Physics of Luminous Blue Variables : Proceedings of the 113th Colloquium of the International Astronomical Union, Held at Val Morin, Quebec Province, Canada, August 15-18, 1988
A strange field of speculation is opened by this phenomenon ... here we have a star fitfully variable to an astonishing extent. and whose fluctuations are spread over centuries. apparently in no settled period. and with no regularity of progression. What origin can we ascribe to these sudden flashes and relapses? What conclusions are we to draw as to the comfort or habitability of a system depending for its supply of light and heat on so uncertain a source? -- J. F. W. Herschel! We can imagine, at least, that the study of Luminous Blue Variable stars began as the official court astrophysicists of Eridu speculated about a new 5000 years ago first-magnitude star which persisted in their southern sky for several years.2 After that the topic languished for a while, but now it has been renewed following recent observations by Blaeu (P Cygni, c.1600) and Herschel (1] Argus, c.1840) ... -- More soberly, it is only within the past few years that we have begun to understand LBV's and to recognize their coherence as a class. Thus only a minority of astronomers are familiar yet with this relatively new topic, whose potential impli- cations are of great interest (see below). One purpose of this book, we hope, will be to provide an accessible overview of the subject for interested astronomers and astrophysicists in general.
- Hardback | 328 pages
- 01 Nov 1989
- Dordrecht, Netherlands
- 1989 ed.
- 328 p.
Other books in this series
Table of contents
Section I: Main Papers, General Discussions, and Two Panel Discussions.- A. General background.- What are LBV's? - Their characteristics and role in the upper H-R diagram.- On the evolutionary status and instability mechanism of the Luminous Blue Variables.- Evolutionary diagnostics of LBV spectra and systems in the LMC.- The distribution of types of Luminous Blue Variables.- Ages of Luminous Blue Variable candidates from their stellar and nebular environment.- An ultraviolet view of the Luminous Blue Variables.- Photometric variability of Luminous Blue Variables in quiescent state.- Model atmospheres and quantitative spectroscopy of luminous blue stars.- The H-R diagrams of the LMC and SMC.- B. Quiescent vs. eruptive states, and related matters.- ?Normal? LBV eruptions a la S Doradus.- Plinian eruptions a la Eta Carinae.- Changes in the atmospheric structure of LBV's during eruptions.- The B[e] stars.- Modeling mass loss from B[e] stars.- Luminous Blue Variables need not be blue.- Mass ejections from the G-type hypergiant HR 8752.- Mass loss from Luminous Blue Variables.- C. Circumstellar ejecta and the possibility of bipolar or axial symmetry.- Circumstellar ejecta around LBV?s.- High-resolution coronographic imaging of AG Carinae.- Infrared observations of circumstellar ejecta around Luminous Blue Variables 165.- The formation of shells in the wind from P Cygni.- Close binary models for Luminous Blue Variable stars.- D.Physical mechanisms for eruptions, and connections with other stars.- The role of radiation pressure in LBV atmospheres.- The role of rotation in Luminous Blue Variables.- Atmospheric dynamics of luminous stars.- Theoretical relations between LBV?s and other stars.- Observational connections between LBV?s and other stars, with emphasis on Wolf-Rayet stars.- Panel discussion: The instability mechanism.- Panel discussion: Observational connections and future observations.- Section II: Poster Papers, A Brief List of Catalogs, and Index.- P Cygni: The star that started it all.- The wind of P Cygni.- A source for mass-loss instabilities in LBV's - the case of P Cygni.- The ionization and thermal balance in P Cygni's wind revisited.- Variable flux of P Cygni in continuum and spectral lines.- Optical and UV investigation of the envelope of AG Carinae.- AG Carinae: Variability, extinction, distance and luminosity.- The optical micro-variations of the S Dor-type stars AG Car and HR Car.- On the periodicity of Hubble-Sandage objects in M31.- Eta Carinae: UV constraints on possible models. The close binary hypothesis.- High-resolution emission line profiles in blue luminous stars.- Analysis of LBV circumstellar envelopes using Fe II lines.- On the interpretation of emission wings of balmer lines in LBV's.- Atmospheric models for LBV's at minimum and maximum states.- Atmospheric parameters and accelerations in the outer parts of luminous hot stars.- NLTE analysis of R84.- Physics of instabilities in radiatively driven stellar winds.- Far-infrared circumstellar debris shells: Clues to the evolution of massive stars?.- High-dispersion spectroscopy of the B[e] supergiant S III.- Slash stars: Two types, two scenarios?.- Blobs in the winds of Wolf-Rayet stars.- LSS4005 and NaSt 1, two Galactic Ofpe/WN or B[e] objects 301.- Brief abstracts of additional poster papers.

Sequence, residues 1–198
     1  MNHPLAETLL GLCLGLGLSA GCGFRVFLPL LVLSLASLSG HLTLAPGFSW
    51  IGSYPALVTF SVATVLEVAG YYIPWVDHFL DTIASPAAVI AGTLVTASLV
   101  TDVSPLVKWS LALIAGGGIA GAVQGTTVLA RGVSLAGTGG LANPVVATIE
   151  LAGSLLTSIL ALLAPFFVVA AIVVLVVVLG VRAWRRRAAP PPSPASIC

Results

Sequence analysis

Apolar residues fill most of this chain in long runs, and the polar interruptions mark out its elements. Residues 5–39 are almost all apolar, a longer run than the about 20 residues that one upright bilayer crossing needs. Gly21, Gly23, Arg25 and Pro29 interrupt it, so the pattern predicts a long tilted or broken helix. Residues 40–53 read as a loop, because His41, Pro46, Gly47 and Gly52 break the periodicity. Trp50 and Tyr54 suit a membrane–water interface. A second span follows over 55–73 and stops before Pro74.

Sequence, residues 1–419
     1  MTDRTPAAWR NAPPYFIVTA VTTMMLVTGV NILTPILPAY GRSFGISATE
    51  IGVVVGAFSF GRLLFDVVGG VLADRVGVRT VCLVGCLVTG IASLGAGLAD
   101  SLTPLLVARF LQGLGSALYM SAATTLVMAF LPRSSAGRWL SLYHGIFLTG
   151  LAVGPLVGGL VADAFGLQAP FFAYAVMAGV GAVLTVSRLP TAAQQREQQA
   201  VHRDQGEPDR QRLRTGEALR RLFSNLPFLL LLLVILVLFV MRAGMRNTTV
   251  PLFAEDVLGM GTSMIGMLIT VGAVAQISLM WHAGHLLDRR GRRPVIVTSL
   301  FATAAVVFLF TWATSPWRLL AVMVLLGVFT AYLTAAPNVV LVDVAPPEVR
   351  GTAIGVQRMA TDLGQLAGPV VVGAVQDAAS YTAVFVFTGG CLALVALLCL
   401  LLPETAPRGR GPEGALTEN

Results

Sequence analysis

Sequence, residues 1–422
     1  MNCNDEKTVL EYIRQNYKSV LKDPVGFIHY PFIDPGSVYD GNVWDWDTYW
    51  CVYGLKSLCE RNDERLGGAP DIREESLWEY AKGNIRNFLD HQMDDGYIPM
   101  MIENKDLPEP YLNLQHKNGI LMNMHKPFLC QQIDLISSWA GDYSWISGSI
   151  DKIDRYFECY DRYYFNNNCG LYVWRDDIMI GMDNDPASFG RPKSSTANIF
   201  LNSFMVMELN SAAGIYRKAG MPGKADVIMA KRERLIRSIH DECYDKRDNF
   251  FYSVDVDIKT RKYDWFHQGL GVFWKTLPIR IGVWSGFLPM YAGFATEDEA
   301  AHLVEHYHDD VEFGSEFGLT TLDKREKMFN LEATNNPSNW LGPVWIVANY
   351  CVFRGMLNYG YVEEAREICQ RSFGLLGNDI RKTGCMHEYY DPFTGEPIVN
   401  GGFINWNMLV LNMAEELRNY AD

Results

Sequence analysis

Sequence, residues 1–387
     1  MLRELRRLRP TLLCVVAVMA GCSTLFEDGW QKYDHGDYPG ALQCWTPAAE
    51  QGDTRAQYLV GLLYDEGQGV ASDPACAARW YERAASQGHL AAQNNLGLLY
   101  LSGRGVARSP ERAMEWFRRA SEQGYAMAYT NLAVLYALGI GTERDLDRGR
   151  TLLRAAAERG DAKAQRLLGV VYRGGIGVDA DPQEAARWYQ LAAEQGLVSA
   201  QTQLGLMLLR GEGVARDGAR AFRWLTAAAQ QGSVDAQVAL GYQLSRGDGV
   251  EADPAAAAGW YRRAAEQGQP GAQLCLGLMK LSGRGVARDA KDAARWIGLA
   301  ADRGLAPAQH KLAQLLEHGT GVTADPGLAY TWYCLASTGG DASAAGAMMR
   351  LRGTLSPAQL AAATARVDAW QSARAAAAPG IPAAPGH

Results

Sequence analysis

`This, then, is the first thorough, wide-ranging discussion of a group of stars which appears to be central to an understanding of evolution in the upper HR diagram. What's more, it's the best presented conference book I have ever seen since `camera-ready' became compulsory. Highly recommended.'
The Observatory 111:1100, February 1991
The Observatory 111:1100, February 1991